By Allison McKinnon, The Sun Chronicle
Train pulls into Attleboro station. (Staff file photo by Tom Maguire.)
BOSTON – Calling commuter rail breakdowns and delays over the long, brutal winter “unacceptable,” transportation officials apologized to state legislators Tuesday and pledged to improve communication and review maintenance procedures to rebuild train service.
“We are committed to strengthening our operation and we are learning the lessons of this past winter to improve reliability for next winter,” MBTA General Manager Richard Davey told the Joint Committee on Transportation.
Davey was among officials from the MBTA, Massachusetts Bay Commuter Railroad Company and Massachusetts Department of Transportation called in to testify about weather-related and mechanical failures that stranded countless commuters this winter.
Transportation Secretary Jeffrey Mullan blamed the system’s aging locomotives for the delays. The MBTA is in the process of replacing or overhauling the engines that have exceeded their 20-year life expectancy.
“The commuter rail utilizes 60 locomotives each day, and we have 18 locomotives that are more than 20 years old,” he said. “We are aggressively trying to get improved equipment.” In January, the MBTA introduced to the fleet two 16-year-old locomotives – the newest in the state.
The diesel-electric locomotives were leased from the Utah Transit Authority, and the MBTA is in negotiations to lease seven additional locomotives from Utah, Davey said.
Mullan also blamed delays on track switches that short-circuited because heaters attached to them could not melt the snow fast enough.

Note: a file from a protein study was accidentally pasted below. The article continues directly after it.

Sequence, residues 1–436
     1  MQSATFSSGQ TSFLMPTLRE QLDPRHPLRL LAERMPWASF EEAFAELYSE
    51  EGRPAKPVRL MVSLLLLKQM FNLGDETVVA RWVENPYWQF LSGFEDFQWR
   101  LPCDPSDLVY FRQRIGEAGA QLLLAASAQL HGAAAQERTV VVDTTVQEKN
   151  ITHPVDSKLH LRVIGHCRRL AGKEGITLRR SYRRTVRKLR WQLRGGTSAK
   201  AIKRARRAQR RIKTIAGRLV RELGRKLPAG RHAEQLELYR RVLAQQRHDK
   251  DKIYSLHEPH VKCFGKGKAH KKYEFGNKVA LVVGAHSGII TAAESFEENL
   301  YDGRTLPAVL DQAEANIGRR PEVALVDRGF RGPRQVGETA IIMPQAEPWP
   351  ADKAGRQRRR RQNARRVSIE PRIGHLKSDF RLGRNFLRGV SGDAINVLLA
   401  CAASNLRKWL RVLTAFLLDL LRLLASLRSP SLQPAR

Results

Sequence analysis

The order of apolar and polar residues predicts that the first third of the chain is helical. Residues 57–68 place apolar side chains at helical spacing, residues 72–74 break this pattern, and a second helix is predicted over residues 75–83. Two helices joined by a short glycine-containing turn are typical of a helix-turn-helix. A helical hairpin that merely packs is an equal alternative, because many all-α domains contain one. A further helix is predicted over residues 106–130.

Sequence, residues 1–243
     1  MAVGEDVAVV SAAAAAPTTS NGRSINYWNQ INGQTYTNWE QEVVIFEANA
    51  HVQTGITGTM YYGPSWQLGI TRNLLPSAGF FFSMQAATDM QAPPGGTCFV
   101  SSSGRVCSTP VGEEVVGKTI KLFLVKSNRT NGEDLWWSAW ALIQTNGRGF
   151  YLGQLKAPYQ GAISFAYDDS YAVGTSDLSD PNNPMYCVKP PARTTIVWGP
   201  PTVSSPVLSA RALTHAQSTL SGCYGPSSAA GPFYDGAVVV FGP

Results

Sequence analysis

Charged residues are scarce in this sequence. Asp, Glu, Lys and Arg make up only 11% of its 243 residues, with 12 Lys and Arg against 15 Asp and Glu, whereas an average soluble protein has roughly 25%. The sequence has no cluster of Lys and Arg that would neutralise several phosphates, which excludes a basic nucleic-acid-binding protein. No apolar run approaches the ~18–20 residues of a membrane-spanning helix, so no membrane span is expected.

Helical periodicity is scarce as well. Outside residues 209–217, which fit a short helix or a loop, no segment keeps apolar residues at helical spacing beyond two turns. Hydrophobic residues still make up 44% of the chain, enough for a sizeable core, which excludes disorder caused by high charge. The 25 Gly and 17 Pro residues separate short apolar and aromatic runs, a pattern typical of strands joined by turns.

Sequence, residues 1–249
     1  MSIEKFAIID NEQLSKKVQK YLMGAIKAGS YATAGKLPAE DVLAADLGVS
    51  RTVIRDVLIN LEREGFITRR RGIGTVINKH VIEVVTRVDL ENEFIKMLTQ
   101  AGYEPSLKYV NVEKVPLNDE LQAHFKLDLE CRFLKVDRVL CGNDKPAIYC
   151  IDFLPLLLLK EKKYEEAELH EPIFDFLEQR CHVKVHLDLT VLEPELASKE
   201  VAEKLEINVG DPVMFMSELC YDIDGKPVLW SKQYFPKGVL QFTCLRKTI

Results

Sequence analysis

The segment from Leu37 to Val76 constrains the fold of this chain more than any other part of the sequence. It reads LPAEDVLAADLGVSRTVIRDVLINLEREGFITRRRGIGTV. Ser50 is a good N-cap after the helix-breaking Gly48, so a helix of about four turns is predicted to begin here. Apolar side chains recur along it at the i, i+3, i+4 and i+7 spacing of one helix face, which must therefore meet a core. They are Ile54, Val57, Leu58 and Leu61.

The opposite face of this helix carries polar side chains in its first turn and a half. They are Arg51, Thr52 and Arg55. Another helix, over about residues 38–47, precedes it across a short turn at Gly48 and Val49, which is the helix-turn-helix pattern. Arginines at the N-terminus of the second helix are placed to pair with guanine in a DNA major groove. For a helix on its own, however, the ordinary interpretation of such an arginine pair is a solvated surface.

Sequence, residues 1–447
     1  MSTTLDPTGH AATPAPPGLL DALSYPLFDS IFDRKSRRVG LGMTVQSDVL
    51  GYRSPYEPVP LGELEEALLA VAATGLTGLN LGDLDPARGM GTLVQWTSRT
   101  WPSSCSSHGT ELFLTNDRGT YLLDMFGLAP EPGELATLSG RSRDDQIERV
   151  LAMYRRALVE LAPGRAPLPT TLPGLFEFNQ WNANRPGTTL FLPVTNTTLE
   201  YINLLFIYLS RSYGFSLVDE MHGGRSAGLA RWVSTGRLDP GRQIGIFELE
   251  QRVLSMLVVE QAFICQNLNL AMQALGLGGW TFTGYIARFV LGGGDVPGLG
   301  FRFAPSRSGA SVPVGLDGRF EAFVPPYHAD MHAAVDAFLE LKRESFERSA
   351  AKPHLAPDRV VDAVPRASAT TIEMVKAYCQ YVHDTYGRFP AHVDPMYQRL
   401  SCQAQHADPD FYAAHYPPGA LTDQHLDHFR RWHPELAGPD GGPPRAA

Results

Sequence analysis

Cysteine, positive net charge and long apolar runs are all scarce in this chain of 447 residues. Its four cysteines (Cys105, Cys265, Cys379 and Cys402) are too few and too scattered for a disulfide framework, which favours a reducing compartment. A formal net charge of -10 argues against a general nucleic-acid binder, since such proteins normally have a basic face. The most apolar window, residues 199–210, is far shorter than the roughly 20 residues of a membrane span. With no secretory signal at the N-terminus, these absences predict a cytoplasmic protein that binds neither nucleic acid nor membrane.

Mullan said of the 1,800 workers the Massachusetts Bay Railroad Company employs, about 1,200 are maintenance workers.
Retraining them to look for early signs of equipment problems is a major part of the company’s plans to reduce future delays, he said.
Davey said the number of delays over the winter months were “unacceptable” for customers, and promised to improve communications to riders about delays. He said the MBTA likely would make a decision by the end of the year on whether to renew its contract with the Massachusetts Bay Commuter Railroad, the private venture contracted to operate commuter rail lines.
The contract with the MBCR runs through mid-2013, but Davey said at least 18 months likely would be needed if the agency picks a new contractor or takes over operation of the system itself.
Still, Davey tried to put the delays into context, noting that 2,800 trains operated with delays of nine minutes or less during one of Massachusetts’ harshest winters in years.
Davey said that while 78 percent of commuter trains ran on time from December through February, that simply wasn’t good enough.
He said the MBTA has streamlined the process of issuing alerts to commuter via text, email or on MBTA.com, as well as broadcasting information on an AM radio signal at commuter rail parking lots so commuters can wait for updates in their cars.
“During any storm, information is as important as the service itself,” Davey said.
Social media such as Twitter was used for the first time to update customers during storms this past winter and was also available for customers to register their opinions.
In a few weeks, Davey said the MBTA plans to unveil “Commuter Connect,” a new communication tool that will allow riders to take and send pictures of damaged MBTA vehicles or structures directly to the maintenance management team.
“This tool will greatly enhance the speed to address and potentially schedule repairs,” he said. “We will respond to 95 percent of these issues within five days. Even if it’s just to say ‘We’ll get back to you’ or ‘We’ve fixed it,’ our customers deserve answers.”
Former MBTA executive James O’Leary told the committee that commuter rail ridership had increased 400 percent over the last 30 years but there had been little equipment modernization.
The legislative committee, chaired by Rep. William Straus, D-Mattapoisett, and Sen. Thomas McGee, D-Lynn, took testimony only from officials at Tuesday’s oversight hearing. It scheduled another hearing for May 3, when riders would be invited to speak.